Gut-Brain Axis

research area

The gut-brain axis refers to a bidirectional communication between the central and the enteric nervous system. It has the potential to influence emotional and cognitive centres in the brain directly from the intestinal neurological environment.

Besides neural influence also endocrine, immune and humoral moderators are being identified (e.g. serotonin or gamma-aminobutyric acid). Possible applications of these new insights may include autism, anxiety and depressive disorders, as well as Parkinson and Alzheimer diseases (Dinan & Cryan 2017a, Dinan & Cryan 2017b). 

While a lot of the initial research on the use of probiotics to improve mood and/or stress was done on animals, there are more and more studies that show an effect in humans and the term “psychobiotics” has even been coined, referring to possible probiotics that could have an effect on mood and depression (Dinan et al. 2013).

Studies conducted using L. casei Shirota has thus far focused on mood in individuals with chronic fatigue syndrome (Rao et al. 2009) and healthy adults (detailed below).  There have also been double-blind placebo-controlled trials conducted in Japan than have shown positive effects of consuming L. casei Shirota for eight weeks prior to an academic exam on stress-induced abdominal dysfunction, stress markers (psychological and physiological), sleep quality and the composition of the gut microbiota (Kato-Kataoka et al. 2016a, Kato-Kataoka et al. 2016b, Takada et al. 2017).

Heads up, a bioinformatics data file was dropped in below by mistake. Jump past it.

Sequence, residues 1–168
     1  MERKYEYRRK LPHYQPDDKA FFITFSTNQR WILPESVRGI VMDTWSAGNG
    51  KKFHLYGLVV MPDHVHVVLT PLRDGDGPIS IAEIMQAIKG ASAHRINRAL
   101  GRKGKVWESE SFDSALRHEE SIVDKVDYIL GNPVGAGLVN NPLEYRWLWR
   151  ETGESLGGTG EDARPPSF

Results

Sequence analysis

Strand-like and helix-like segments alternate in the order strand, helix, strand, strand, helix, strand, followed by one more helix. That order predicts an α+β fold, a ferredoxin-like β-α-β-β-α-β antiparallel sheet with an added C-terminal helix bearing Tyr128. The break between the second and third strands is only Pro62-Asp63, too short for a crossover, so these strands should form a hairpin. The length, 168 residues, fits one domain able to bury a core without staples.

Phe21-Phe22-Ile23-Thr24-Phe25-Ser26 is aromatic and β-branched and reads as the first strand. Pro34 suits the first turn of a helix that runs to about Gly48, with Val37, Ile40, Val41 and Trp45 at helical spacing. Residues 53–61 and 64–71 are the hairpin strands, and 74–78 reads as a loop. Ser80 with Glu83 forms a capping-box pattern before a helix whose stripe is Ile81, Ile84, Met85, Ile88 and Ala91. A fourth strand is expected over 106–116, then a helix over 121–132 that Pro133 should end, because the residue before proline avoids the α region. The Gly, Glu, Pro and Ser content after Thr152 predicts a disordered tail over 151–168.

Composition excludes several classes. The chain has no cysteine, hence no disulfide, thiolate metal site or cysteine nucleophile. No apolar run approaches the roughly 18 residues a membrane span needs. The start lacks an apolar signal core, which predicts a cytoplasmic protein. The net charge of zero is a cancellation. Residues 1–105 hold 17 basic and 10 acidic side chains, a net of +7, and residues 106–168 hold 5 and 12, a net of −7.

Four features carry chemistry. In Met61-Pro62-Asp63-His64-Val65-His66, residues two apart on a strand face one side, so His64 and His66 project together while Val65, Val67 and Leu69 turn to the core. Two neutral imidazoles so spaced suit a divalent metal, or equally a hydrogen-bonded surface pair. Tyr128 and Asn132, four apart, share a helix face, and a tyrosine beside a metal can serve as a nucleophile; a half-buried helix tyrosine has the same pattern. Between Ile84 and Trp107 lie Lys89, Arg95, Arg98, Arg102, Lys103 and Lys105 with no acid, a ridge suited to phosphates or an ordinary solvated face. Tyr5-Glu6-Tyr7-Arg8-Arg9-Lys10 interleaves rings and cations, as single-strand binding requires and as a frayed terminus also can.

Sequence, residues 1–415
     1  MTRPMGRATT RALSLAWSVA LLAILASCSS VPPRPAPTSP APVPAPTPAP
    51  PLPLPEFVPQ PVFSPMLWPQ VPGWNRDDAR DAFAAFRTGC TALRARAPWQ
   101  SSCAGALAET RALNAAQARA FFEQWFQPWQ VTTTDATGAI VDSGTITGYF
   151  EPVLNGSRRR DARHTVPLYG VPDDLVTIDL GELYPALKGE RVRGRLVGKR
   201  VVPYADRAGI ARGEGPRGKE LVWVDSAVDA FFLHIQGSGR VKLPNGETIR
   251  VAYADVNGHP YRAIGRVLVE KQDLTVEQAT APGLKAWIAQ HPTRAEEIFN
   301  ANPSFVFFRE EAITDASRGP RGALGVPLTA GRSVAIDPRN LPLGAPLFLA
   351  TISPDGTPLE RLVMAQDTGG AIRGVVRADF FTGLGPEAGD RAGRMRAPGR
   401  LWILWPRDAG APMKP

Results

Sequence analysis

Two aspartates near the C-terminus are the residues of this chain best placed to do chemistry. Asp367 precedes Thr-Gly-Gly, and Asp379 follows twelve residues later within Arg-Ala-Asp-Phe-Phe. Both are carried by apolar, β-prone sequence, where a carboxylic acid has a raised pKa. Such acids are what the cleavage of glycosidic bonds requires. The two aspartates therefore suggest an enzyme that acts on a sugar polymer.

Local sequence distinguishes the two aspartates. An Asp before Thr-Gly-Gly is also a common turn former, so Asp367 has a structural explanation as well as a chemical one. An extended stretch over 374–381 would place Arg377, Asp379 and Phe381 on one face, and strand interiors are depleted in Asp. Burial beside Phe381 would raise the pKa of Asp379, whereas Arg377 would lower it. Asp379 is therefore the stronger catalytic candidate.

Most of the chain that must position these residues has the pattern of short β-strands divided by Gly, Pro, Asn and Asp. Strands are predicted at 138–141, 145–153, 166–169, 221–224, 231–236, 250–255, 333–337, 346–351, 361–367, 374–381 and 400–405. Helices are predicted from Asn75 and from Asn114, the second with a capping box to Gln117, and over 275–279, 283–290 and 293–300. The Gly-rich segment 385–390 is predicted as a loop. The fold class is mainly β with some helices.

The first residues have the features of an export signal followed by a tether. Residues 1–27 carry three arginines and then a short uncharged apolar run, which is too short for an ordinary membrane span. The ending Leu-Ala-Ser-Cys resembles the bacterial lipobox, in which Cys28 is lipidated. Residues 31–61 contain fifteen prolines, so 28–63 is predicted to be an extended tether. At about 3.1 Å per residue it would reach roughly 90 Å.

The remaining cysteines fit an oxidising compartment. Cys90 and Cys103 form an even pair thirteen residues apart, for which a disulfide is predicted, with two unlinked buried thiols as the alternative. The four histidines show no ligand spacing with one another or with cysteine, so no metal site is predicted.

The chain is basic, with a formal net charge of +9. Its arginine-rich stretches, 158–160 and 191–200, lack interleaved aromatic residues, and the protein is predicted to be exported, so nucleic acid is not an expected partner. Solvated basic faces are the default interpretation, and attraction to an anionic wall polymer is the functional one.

Study: Gut-Brain Axis

Effect on mood and cognition (in healthy adults) - Benton et al. (2007) Eur J Clin Nutr 61:355-361

Method: This double-blind placebo-controlled study conducted in the UK involved 132 healthy adults (mean age: 61.8 yrs) living in the community.  Every day for three weeks, the volunteers drank one fermented milk drink containing L. casei Shirota (minimum 6.5 x 109 CFU) or a milk-based placebo of similar colour and taste. Mood and cognition was assessed throughout the drinking period. 

Results: After 20 days, the mood in those who were more depressed at baseline (the bottom third of the participants based on the profile of mood states) had significantly improved (P<0.04).


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Metabolic Disease

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